I’ve noticed that many Christian young people today, just like me, can be kind of closed off from other Christians and even the world because we think, “Oh, we’re Christians. We’re better than them. We have God and our lives are in great shape.” We also think that we as Christians have to show people our good side. But… As soon as we think that, we’re falling into pride. I’m saying this to you to help you. Please, don’t grow up prideful and judgmental. Not only will it affect your writing but it will affect your walk with God and your relationship with all other believers. You will be a dead Christian if you’re filled with pride.

But how does this apply to your writing? Well, unfortunately, many authors are prideful. They think that they are awesome writers, that they have all the answers, that they can do it all without God or without the help of editors and readers. But we can’t! We have to seek help from others. We don’t have all the answers. God put people in our lives to help us as iron sharpening iron. If you don’t let others look at your book, read it, and critique it, your writing will stink. You need help. It’s really hard but with God’s help, you can do it. You can seek help. You can write something wonderful and powerful for God’s glory. But you must empty yourself and let God fill you with Himself and His spirit.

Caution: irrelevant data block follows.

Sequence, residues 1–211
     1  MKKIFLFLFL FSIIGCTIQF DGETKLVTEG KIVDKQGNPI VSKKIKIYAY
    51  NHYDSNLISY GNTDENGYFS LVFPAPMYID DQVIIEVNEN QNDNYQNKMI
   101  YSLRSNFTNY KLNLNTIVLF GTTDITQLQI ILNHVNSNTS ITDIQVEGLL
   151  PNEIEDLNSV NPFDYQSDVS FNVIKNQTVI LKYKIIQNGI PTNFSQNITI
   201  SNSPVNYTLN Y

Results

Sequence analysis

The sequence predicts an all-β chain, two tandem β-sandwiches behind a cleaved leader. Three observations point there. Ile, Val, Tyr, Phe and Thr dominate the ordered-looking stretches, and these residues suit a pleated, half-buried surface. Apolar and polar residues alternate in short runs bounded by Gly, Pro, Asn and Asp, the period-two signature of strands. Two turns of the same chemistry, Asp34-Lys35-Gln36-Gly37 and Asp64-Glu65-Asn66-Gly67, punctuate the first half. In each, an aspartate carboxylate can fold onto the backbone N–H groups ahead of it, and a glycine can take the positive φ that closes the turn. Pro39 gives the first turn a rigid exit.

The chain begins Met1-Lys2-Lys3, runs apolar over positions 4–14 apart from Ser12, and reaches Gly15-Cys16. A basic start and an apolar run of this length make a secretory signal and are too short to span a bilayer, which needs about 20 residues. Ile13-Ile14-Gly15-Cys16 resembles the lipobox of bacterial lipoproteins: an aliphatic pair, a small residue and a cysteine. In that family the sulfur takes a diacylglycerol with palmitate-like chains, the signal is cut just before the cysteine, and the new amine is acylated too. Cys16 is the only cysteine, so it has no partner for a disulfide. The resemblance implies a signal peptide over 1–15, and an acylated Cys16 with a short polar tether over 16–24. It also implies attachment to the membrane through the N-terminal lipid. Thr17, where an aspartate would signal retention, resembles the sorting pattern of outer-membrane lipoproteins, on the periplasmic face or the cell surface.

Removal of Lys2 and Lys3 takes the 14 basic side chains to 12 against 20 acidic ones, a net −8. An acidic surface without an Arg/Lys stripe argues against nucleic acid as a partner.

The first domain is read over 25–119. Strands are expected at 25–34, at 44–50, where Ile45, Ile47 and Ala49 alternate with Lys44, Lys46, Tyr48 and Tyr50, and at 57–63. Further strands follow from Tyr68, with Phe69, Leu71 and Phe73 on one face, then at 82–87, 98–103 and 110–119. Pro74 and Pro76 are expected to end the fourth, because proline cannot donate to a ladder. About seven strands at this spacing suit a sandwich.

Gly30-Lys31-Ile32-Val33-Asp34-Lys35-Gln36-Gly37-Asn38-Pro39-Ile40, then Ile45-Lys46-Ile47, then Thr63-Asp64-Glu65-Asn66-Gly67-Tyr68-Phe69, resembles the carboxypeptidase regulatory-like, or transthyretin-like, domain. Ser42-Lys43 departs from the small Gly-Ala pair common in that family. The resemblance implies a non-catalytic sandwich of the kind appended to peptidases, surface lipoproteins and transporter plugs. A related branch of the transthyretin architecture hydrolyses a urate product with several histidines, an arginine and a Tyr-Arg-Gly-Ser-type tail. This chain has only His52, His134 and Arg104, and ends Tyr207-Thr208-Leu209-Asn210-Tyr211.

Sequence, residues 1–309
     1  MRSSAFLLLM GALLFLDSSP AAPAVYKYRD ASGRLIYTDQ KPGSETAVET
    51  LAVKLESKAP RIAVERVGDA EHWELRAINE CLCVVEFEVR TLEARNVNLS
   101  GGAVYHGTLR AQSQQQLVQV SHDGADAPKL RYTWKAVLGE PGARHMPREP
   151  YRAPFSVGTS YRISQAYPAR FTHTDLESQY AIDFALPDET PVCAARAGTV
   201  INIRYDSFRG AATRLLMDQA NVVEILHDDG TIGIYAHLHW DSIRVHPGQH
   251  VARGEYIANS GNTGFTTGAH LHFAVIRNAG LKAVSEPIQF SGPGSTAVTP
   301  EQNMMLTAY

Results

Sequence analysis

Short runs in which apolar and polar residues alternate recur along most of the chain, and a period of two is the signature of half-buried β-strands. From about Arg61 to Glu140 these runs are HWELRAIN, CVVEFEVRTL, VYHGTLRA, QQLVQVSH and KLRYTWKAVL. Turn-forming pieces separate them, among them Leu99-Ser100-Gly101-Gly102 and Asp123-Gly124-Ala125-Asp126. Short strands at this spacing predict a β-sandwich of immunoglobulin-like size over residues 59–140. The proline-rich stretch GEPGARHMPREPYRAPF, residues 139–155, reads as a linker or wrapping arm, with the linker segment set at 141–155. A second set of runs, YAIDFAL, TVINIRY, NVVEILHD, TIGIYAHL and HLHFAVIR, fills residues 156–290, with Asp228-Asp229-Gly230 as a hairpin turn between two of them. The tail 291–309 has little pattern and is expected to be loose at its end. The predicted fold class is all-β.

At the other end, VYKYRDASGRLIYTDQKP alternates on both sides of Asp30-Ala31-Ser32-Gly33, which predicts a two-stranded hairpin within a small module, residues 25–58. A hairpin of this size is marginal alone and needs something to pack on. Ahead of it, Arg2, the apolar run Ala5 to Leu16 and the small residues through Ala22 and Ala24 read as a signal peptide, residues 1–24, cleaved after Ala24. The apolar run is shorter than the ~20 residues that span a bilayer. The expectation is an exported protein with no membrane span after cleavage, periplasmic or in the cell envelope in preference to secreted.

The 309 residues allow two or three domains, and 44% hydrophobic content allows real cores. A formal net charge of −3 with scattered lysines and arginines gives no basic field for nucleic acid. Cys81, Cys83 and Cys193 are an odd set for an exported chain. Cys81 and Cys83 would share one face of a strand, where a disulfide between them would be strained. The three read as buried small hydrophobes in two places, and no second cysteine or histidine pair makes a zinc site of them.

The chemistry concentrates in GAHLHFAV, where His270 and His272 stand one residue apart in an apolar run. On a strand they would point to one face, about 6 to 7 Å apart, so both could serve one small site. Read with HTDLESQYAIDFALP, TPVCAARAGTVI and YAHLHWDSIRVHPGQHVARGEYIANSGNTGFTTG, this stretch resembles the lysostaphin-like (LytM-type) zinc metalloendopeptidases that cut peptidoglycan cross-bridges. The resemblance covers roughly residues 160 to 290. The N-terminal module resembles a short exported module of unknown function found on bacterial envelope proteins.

I’ve met many, many budding authors who wouldn’t accept help at all. And, unfortunately, their writing really wasn’t good. Either that or they had a great talent, but when I pointed out errors they wouldn’t listen. People like that aren’t going to become published authors, or at least they won’t have the impact and the reach that they could have if they had humbled themselves and developed their full potential. Publishers also know when someone is not being humble and teachable. They are much less likely to work with you and publish your book if you aren’t willing to make necessary changes. Don’t go for the easy way out! Here’s some hypothetical examples of what a prideful writer could look like. NOTE: These aren’t actual people or circumstances, but are very loosely based off of general problems I’ve seen or heard about in beginning writers.